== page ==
Construction (Design and Management) Regulations 1994

Client Obligations in Ground Investigation Contracts

                             The key issues in relation to Ground Investigation are whether the CDM regulations apply and
 Issues in                   if so whether the Ground Investigation Contractor should be appointed as the Principal
                             Contractor. Often for significant construction projects for which the CDM regulations apply,

 Relation to                 there is still confusion as to whether CDM applies to the ground investigation work.

                             In general, based on the regulations, it is the size of the Project as a whole that determines
 Ground                      whether CDM applies, not the size of the individual packages that may go into the project.
                             Thus, even though the ground investigation phase may be small (less than 5 people on site);

 Investigation               this of itself does not exclude the ground investigation from CDM. If there is any doubt the
                             Health and Safety executive should be consulted.

                             If the ground investigation is for general feasibility studies, and no specific development is
                             planned, then, subject to the rules on staff levels, CDM would be considered not to apply. If
                             the ground investigation is sufficiently in advance of the development phase to be considered
                             as a stand-alone project, and if the maximum numbers of staff on site are less than five it may
                             be that the site work for this phase of the project can be excluded from the CDM Regulations.
                             Note: it is the Health and Safety Executive that determines this, not the Client.

                             The exclusion of a project from the CDM regulations does not remove the project from the
                             operation of any other aspect of Health and Safety legislation.

                                    For each project confirm positively whether CDM applies to the ground investigation. If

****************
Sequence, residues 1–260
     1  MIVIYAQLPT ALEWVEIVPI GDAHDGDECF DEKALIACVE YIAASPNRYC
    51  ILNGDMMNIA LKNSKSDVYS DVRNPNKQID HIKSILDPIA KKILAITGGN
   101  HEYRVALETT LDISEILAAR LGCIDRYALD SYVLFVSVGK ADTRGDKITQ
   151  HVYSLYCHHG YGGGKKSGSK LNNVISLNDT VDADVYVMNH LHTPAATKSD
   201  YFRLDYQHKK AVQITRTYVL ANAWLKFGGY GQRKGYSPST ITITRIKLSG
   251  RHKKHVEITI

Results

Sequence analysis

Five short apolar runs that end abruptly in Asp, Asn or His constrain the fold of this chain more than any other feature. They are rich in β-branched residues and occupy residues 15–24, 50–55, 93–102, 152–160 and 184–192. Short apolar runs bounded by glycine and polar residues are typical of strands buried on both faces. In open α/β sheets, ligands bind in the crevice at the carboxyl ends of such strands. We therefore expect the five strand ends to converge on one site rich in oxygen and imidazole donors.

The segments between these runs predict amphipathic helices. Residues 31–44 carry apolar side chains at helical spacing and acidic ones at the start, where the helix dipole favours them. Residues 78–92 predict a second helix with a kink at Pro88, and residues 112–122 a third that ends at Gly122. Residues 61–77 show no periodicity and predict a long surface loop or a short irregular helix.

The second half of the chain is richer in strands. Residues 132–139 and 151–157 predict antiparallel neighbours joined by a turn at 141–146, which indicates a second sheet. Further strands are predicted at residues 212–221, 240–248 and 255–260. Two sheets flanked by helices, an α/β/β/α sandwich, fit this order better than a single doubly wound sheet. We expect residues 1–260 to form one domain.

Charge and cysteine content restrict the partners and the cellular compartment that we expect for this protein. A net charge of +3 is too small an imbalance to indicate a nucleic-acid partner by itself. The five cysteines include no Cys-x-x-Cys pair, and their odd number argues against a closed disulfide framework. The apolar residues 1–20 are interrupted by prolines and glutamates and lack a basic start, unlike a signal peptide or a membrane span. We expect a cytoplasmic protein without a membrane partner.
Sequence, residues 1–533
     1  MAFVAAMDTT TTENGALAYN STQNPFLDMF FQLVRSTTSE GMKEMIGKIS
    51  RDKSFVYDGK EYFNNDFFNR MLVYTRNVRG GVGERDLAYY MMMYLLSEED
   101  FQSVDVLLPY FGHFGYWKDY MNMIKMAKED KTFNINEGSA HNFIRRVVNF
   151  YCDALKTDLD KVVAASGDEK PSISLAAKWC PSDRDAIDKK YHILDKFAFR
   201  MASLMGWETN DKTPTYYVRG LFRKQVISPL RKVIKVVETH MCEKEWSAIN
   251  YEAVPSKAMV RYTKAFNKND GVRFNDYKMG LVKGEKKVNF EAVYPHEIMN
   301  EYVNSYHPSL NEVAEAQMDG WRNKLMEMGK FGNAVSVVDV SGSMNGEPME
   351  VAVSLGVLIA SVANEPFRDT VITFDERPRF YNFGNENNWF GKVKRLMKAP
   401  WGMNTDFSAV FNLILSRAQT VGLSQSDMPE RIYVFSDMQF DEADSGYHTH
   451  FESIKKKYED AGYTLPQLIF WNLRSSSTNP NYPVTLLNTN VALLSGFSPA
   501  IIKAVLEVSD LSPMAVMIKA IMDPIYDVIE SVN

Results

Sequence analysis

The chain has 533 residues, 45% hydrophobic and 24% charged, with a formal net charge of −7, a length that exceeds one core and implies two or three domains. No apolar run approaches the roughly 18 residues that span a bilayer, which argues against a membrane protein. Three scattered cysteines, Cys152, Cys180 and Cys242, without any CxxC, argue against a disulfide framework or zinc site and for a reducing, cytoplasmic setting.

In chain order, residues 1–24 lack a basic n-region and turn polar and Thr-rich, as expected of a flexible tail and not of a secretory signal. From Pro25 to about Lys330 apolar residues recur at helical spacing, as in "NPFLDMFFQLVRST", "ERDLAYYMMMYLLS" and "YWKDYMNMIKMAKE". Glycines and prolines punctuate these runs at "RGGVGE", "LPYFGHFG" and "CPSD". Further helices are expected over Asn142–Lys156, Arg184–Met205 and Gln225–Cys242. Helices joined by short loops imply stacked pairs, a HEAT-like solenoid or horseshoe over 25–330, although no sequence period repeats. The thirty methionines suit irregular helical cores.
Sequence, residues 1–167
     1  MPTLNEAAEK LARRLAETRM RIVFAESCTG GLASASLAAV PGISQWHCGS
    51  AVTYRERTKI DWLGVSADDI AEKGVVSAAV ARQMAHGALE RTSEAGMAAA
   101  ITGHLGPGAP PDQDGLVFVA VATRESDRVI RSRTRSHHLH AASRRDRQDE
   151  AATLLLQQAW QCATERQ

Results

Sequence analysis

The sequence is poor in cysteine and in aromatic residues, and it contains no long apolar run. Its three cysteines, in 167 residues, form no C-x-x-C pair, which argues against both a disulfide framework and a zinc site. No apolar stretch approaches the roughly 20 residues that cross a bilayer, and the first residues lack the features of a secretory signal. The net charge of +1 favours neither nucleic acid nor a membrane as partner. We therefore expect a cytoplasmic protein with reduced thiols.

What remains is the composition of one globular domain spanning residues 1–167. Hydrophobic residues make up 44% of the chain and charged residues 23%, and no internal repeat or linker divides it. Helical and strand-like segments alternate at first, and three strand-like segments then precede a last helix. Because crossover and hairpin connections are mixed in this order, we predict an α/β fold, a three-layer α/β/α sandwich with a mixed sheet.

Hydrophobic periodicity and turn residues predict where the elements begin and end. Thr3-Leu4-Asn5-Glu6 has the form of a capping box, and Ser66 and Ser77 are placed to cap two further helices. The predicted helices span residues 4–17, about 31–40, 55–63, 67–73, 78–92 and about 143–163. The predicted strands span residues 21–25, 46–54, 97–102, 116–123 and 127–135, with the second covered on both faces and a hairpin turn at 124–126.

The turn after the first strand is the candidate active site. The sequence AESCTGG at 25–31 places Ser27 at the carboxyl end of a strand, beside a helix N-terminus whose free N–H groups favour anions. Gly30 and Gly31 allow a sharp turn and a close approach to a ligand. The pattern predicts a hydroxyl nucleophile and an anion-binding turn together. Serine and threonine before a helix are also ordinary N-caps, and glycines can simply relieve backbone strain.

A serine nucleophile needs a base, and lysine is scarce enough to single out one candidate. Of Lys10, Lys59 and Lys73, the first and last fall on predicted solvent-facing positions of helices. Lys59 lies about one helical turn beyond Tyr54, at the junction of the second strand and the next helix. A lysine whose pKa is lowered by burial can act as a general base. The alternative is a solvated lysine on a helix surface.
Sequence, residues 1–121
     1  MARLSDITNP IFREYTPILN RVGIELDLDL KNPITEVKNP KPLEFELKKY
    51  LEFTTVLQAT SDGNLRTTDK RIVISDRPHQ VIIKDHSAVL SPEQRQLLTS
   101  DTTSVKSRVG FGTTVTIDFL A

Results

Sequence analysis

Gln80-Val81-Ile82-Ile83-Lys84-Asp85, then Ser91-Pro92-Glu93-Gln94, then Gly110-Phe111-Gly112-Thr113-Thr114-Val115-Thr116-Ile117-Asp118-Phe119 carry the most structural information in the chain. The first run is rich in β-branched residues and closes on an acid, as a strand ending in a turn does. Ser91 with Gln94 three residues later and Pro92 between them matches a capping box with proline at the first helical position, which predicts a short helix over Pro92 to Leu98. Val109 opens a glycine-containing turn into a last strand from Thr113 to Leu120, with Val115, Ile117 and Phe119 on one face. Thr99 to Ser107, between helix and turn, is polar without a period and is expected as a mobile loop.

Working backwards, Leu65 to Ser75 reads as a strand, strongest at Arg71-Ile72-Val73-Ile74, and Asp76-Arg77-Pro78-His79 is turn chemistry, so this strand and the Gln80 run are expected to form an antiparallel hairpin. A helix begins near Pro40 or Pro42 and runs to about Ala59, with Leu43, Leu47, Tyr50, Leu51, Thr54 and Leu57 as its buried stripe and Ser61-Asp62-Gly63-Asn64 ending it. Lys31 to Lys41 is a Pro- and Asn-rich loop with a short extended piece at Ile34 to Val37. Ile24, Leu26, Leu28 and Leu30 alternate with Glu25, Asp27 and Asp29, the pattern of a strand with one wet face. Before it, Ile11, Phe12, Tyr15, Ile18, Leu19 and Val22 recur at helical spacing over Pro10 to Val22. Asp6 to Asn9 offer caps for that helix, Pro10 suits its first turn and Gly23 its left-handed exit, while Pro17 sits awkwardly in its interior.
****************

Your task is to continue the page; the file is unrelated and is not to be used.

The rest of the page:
Advice to                          in doubt do this by reference to the Health and Safety Executive
                                    If CDM applies, instigate the appropriate regime as soon as possible, but in any case

 Clients                            before the ground investigation starts.
                                    Insist that Ground Investigation Contractors and Geotechnical Specialists demonstrate
                                    a commitment to, and a capability in, the management of health and safety.
 employing Geotechnical
                                    Do not use tendering of Contractors as a means of determining whether the CDM
 Specialists and Ground             regulations apply, ie do not make the Contractor choose. The Client must decide and
 Investigation Contractors          make the appropriate appointments.
                                    Remember that exemption from the CDM Regulations is not an exemption from the
                                    need to comply with all relevant health and safety legislation and to assist any
                                    Contractor or Specialist in maintaining a safe site.

 Further                     For further information you should contact the Health and Safety Executive, and/or, your
                             specialist health and safety advisor. A list of HSE offices and other information is available on
                             the HSE website
 Information &               There is an Approved Code of Practice (ACOP) and guidance published by the Health and

 References                  Safety Executive on Managing health and safety in construction with particular reference to the
                             CDM regulations. This has a reference number HSG 224, and may be obtained from HMSO,
                             and their Agents. It may also be obtained from HSE Books — orderline: 01787 881165.

                                                        Association of Geotechnical and Geoenvironmental Specialists
                                        November 2003

                              Forum Court, 83 Copers Cope Road, Beckenham, Kent BR3 1NR Tel: 020 8658 8212 Fax 020 8663 0949
                                                           e-mail: ags @